Make time for friends. Honestly, this hasn’t gone super well. Five group projects have taken up a lot of my time the past month, and everyone else is busy as well. We have planned a group outing for after finals, though, so hopefully we can make that work. And I hope to see some of my older friends when I’m home over break!
Make time for myself. Seeing as how I’ve had the time to begin posting regularly here, this has been a resounding success. This is more due to my classes being easier (or me slacking on them?) than to any brilliant time management on my part, but I’m definitely thankful nonetheless! I don’t know what I would do if I didn’t have this blog as a creative outlet.
And my overall goal for the semester:
Enjoy senior year. This is a definite yes. There have been annoying frustrating things, obviously, because that’s how life is. But I’m enjoying planning for the next step in life, and I’m really, really looking forward to what’s next.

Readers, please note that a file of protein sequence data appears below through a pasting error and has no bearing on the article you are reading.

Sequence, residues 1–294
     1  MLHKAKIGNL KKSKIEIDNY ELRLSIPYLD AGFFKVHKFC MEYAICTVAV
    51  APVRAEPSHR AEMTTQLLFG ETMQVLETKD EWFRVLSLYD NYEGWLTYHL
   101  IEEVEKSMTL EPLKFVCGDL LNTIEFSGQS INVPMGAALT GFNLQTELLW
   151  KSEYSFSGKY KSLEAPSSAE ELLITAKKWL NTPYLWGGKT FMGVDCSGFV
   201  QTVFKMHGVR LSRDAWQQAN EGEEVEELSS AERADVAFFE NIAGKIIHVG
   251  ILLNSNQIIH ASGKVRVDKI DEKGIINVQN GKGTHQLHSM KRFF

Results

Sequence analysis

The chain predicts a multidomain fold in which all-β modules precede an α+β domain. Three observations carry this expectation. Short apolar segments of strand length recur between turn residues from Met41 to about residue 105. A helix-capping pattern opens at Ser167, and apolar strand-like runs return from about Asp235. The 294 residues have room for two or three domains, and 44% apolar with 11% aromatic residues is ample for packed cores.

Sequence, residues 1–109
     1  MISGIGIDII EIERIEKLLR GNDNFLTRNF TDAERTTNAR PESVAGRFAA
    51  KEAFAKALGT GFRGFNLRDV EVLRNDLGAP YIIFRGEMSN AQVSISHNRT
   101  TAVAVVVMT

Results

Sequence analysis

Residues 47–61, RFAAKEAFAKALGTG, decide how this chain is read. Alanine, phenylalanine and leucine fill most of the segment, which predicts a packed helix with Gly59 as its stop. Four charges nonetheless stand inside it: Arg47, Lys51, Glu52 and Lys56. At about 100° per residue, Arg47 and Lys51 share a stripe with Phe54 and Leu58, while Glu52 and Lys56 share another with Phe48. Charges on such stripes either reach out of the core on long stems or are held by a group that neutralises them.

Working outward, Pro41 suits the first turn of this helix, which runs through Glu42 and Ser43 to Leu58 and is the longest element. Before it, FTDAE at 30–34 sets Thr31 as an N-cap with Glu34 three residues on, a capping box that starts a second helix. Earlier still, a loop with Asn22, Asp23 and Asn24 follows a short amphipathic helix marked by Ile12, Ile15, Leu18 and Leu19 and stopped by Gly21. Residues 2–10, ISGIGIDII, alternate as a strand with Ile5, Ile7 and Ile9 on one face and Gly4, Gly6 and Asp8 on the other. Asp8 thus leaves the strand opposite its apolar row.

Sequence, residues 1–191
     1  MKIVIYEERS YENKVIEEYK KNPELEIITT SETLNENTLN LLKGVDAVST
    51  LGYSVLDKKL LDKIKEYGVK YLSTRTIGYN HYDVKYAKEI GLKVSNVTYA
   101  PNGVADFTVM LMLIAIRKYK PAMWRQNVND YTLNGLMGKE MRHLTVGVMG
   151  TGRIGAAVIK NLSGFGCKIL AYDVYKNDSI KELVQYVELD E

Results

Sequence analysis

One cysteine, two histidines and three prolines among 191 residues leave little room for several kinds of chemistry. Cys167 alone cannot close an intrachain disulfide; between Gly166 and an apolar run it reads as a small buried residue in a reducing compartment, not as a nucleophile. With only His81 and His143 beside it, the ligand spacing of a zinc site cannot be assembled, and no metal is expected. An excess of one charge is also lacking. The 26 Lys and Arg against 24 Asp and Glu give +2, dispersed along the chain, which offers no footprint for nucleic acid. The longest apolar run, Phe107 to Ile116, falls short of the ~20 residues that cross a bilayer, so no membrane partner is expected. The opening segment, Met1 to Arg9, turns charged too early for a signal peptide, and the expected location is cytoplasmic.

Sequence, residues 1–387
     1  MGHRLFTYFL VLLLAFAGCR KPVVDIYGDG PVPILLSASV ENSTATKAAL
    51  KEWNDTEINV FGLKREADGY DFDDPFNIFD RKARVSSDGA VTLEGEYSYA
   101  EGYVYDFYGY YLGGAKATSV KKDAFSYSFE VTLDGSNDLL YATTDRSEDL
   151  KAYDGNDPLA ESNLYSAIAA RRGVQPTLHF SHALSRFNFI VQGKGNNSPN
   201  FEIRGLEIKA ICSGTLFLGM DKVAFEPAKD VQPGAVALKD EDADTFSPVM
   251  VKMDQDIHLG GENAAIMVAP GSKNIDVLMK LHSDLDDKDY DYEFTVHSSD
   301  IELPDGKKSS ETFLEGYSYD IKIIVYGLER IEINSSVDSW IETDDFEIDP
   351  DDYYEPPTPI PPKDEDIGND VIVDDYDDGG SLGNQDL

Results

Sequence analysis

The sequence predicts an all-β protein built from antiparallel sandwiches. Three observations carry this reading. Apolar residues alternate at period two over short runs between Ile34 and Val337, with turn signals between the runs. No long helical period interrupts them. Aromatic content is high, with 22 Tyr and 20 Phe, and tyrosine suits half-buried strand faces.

In about a week, I’ll have only six months between me and graduation. It’s a little stressful to think that between now and then, I’ll have to find a job (crossed fingers!), and a new living situation, and I’ll truly be out on my own for the first time. But honestly, I am more than ready. This semester has definitely been good, and I’m just looking forward to what’s next. Plus, I already have ideas for goals I want to accomplish in the new year.
Also, I just want to give a shout out to everyone who has been reading my blog. Even though I’ve been blogging since 2012, I’ve only really completely dived in since June, and I have loved all the feedback I’ve gotten! I genuinely appreciate everyone who has read, liked, and commented on the thoughts that run through my head. So thank you all, and have a great weekend!
Inquilina peregrina con una maleta de paso, cargada de añejas querencias, una hoja en blanco y lápiz. Una bicicleta con la que recorro galaxias, un morral donde atesoro quimeras, concierto de grillos y fulgor de luciérnagas. Soy Ilka, dividida entre las fronteras de reminiscencias e imaginación, nadando en el mar bravío de la migración. Entre otras faenas, indocumentada con maestría en discriminación y racismo.